One frustrating thing for Uber drivers is that they can’t easily dispute deactivations. They often don’t get a chance to tell their side of the story. Sometimes they aren’t even told what they did wrong…they are just kicked off the platform and have to fend for themselves or hope the “investigation” will allow them back on the platform.

The city of Seattle is the first city in the country to implement a third party deactivation center and I know many drivers would love this concept to expand to other states, whether it’s due to government regulation or proactively by the platforms.

5. Driver pay for distance and time to pick up ALL passengers

Uber has a loose policy that isn’t easy to pin down where depending on what market you’re in, you could get paid for time and distance over a certain limit. What drivers really want is to be able to get paid for the full time and distance it takes to pick up all of their passengers, not just the long pickups. There’s nothing worse for drivers than driving 25 minutes only for a minimum fare ride!

Uber states on their help site: “Premiums are paid on trips where the time spent traveling to the pickup location exceeds a predetermined Long Pickup Threshold, which can be found in the Fares section of your Driver Dashboard. You'll be eligible to earn a Long Pickup Premiums the moment you cross the Long Pickup Threshold. For example, if your Long Pickup Threshold is 10 minutes you will start accruing standard time and distance rates after 10 minutes of driving towards the pickup location.”

6. Rider verification and vetting

Drivers are vetted - why not passengers? Instead of allowing passengers to make up names for themselves and use weird photos, passengers should go through similar vetting to drivers, at least ensuring they’re using their full, correct names and photos.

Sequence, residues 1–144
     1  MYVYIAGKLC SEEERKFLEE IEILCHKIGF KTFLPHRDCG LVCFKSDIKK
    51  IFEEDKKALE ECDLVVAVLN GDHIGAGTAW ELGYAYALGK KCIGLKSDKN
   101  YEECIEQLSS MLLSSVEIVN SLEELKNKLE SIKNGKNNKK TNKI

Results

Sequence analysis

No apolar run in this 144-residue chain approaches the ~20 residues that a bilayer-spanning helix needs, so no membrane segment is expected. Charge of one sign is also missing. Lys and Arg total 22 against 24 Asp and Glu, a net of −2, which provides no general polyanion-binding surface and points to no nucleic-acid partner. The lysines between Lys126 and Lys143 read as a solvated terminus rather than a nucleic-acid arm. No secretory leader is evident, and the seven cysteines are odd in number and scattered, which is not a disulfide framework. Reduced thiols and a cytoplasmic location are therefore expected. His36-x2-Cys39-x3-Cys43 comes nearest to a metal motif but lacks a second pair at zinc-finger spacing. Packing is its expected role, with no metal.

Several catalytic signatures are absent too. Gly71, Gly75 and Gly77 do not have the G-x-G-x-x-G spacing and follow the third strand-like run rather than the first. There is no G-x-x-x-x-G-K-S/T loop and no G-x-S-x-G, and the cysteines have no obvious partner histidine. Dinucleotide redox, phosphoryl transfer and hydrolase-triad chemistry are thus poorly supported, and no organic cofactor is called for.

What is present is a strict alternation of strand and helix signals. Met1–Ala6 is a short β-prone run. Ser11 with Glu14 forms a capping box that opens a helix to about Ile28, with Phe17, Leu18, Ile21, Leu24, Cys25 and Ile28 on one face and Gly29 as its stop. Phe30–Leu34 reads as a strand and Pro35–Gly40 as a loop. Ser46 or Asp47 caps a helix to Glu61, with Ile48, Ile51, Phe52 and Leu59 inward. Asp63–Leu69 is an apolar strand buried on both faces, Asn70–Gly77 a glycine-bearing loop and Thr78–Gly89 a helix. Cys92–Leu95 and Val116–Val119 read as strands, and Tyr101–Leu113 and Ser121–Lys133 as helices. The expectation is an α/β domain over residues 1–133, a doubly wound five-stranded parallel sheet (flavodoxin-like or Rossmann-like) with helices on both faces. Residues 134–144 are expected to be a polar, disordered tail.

It’s more than a little sketchy that someone can name themselves “Trashbag” and expect to be picked up for a ride.

7. Allowing passengers to save drivers as their favorites

It would be nice if both drivers and passengers could favorite each other. There are some passengers I would love to have as regular customers and vice versa. It makes the whole trip that much more enjoyable if you’re getting consistent experiences each time.

There are some platforms like Wingz that allow passengers to have a favorite driver. I think if it was implemented across multiple platforms, everyone would have a better experience overall.

8. Consistent bonuses

Both Uber and Lyft offer bonuses and promotions to their drivers. But they are inconsistent and can’t be relied on. For instance, last week on Uber I had offers of completing 30 rides to receive an extra $160. But this week, I have to complete 50 trips to earn an extra $105. There is simply no consistency in offerings.

If there was consistency, drivers might be more inclined to hit the road to meet the promotions and incentives.

9. Higher rates all around

Of course, the final thing is what all drivers want more than anything…higher pay. Over the years, there have been rate cuts left, right and center. Some are twisted to make it sound like drivers will actually be benefiting from it, but so many markets have such low earnings, it’s tough to keep drivers on the road.

Harry Campbell is a former Boeing Aerospace Engineer and founder of, a blog, podcast and Youtube channel for ridehail drivers and other gig workers and author of, The Rideshare Guide. Over the years, Harry has covered the gig economy industry closely and talked to tens of thousands of drivers and gig workers about their experience on the road.